Same viewpoint as panel 2. The necromancer looks worried. Talia is obviously smiling now, rather smugly. (Finally! Seven pages to get to a proper page turn! And remember what I said about the internal monologue? I'd win that bet.)
No matter how great your power, it cannot penetrate this circle!
Four panels. Panel 1 to be full width across the top, with panel 2 full width below it, and the other panels in a row at the bottom.
View from behind the necromancer as he falls back toward us. Talia has stepped across the necromancer's circle, popping it like a soap bubble (either show the energy gone, or with only fading wisps remaining), and rocked the man back with a strong roundhouse blow to the face. (this is a bad angle. Itís better to show it from the side, not from behind the necromancer. This way, you get everything in the panel as needed, showing it to best dramatic effect.)
A magic circle only blocks magic. (She's an elf. Doesn't she have innate magic, or somesuch? Or magic doesn't work that way in your universe? Just asking, because people will be thrown off, their basic assumption being that elves are magical creatures.)
Worms eye view, with the necromancer in the foreground. Talia has him on the floor, his face is turned to one side and shoved into the grave dirt that made up his circle. The components of the circle are scattered from their very brief scuffle. She has a knee in his back, holding him down as she cuffs him with his arms behind his back. The cuffs are etched with arcane runes which glow with light. The man's eyes are wide with disbelief. (Nope. Wormís eye view is on the ground, looking up. Youíre not going to be able to see everything youíre asking for here.)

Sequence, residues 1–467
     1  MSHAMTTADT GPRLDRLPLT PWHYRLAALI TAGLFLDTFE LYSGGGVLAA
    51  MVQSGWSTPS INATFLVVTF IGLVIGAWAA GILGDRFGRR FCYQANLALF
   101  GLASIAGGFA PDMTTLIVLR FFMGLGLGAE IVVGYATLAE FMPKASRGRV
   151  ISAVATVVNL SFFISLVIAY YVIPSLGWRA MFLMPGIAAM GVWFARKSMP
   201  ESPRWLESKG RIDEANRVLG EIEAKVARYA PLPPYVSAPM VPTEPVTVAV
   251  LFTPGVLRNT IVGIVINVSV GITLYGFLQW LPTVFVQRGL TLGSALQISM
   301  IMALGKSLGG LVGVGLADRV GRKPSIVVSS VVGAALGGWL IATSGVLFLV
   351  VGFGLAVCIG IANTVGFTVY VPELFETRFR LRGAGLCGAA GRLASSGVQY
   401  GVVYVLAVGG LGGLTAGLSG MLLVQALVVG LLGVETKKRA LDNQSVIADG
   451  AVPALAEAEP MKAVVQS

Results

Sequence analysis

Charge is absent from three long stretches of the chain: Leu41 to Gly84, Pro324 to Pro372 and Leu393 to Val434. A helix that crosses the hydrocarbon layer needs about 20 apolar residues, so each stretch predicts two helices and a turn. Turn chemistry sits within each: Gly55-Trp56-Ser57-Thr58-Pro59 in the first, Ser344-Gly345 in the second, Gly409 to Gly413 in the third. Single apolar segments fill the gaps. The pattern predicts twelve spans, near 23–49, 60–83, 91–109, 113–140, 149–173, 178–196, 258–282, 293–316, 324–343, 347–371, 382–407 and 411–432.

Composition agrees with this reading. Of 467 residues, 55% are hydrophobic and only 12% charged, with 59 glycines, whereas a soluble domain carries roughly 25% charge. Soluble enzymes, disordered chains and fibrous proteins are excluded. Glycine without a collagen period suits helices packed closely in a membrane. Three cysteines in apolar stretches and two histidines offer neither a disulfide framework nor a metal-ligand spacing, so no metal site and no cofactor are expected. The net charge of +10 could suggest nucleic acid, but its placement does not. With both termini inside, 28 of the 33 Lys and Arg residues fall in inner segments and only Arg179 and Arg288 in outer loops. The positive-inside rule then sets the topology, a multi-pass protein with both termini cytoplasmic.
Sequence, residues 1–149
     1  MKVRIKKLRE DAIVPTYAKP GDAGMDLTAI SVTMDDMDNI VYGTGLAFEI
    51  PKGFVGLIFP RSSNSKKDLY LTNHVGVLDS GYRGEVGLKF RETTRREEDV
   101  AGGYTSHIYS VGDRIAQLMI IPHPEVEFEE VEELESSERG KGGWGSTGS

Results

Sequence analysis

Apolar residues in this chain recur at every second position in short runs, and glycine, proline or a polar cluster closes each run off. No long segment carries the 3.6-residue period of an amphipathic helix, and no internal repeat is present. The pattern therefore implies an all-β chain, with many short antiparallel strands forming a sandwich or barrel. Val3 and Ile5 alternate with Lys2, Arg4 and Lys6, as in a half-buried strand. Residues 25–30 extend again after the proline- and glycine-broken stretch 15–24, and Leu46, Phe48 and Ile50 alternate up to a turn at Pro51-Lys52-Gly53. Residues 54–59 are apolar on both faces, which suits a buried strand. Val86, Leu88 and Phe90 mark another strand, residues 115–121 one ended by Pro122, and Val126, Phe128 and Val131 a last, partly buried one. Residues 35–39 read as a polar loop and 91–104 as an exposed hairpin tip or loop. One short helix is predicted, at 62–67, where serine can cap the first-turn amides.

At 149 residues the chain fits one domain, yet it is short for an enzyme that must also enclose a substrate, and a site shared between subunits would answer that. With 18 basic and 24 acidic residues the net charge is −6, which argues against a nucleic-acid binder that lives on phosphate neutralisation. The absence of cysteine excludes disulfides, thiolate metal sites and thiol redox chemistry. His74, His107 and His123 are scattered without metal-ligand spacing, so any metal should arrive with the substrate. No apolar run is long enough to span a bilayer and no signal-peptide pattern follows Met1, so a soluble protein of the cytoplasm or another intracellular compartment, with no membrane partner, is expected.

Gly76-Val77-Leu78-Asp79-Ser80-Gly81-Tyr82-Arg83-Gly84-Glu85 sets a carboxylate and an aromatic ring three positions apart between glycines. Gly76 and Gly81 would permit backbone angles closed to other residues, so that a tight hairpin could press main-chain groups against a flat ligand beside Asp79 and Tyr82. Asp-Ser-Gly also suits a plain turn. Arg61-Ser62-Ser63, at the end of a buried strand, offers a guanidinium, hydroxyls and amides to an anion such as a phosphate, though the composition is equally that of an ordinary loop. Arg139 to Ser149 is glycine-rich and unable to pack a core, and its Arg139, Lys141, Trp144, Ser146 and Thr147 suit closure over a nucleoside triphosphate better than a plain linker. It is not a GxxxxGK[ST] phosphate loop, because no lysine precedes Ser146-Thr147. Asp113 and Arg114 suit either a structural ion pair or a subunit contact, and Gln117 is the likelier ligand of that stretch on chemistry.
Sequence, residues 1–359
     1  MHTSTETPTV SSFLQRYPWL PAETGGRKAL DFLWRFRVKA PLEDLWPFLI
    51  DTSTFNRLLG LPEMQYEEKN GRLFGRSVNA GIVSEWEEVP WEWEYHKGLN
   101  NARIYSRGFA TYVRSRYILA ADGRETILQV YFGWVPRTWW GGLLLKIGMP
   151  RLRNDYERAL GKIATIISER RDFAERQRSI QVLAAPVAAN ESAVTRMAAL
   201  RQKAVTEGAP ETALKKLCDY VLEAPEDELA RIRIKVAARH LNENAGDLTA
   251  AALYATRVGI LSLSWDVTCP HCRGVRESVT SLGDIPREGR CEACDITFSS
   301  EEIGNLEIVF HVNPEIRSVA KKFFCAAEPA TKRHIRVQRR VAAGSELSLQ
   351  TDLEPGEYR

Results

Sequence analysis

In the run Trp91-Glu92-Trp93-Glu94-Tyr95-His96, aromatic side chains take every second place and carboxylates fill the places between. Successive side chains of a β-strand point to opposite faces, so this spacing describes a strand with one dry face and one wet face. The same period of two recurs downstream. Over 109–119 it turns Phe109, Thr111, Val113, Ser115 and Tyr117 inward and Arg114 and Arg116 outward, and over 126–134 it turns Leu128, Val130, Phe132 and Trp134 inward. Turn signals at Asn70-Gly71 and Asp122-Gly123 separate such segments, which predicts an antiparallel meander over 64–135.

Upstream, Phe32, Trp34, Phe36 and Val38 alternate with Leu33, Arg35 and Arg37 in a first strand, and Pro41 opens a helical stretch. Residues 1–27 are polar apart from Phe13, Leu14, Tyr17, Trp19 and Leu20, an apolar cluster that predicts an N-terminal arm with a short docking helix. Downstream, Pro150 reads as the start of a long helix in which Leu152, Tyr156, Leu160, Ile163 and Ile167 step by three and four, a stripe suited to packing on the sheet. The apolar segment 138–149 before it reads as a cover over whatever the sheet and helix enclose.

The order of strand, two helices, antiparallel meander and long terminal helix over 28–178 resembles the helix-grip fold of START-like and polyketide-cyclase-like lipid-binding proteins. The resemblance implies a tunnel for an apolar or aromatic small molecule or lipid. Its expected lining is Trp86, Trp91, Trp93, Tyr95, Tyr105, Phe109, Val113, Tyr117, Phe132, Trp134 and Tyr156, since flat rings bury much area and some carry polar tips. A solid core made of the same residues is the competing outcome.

You are bound in the name of the Crown, for felony violation of the Dweomer Prohibition and burglary.
I wouldn't try any more magic, either. These cuffs will blow your hands clear off if you overload their spellsink.
(wider of the two panels in this row) Street level viewpoint, the cemetery & its entry arch are to our left with the vacant street and a backdrop of the city spreading out to the right side of the panel. Talia and the necromancer are out in front of the cemetery now, standing on the sidewalk in front of the stone arch. It's still dark out, but the glow of dawn brightens the edge of the gas-giant with a beautiful crescent sunrise, as the sun begins to peek out from behind the planet. The dark spire of the GaleWard, towering over the city, is silhouetted against the growing light. The street is deserted. Talia is looking up the street with a disgusted expression. The necromancer just looks miserable.
I ought to be able to charge you with making me walk too damn much, too.
This might seem like an odd case for some cops. (Oh, now you want to start up the internal monologue again? We're near the end, right?)
Talia gives the necromancer a rough shove, sending him staggering forward. (How are you going to show the rough shove? You canít. You can show her ďhittingĒ him and him bent over, staggering forward, but you canít show him being shoved roughly. Watch your descriptions. Your description is what makes this a moving panel. A few of your moving panels are because of how you described it, and not the action actually taking place.)
But it's all in a night's work for the Special Investigations Unit. (Period.)
Okay, Calvin. We have some problems here. Weíre going to go from bad to worst.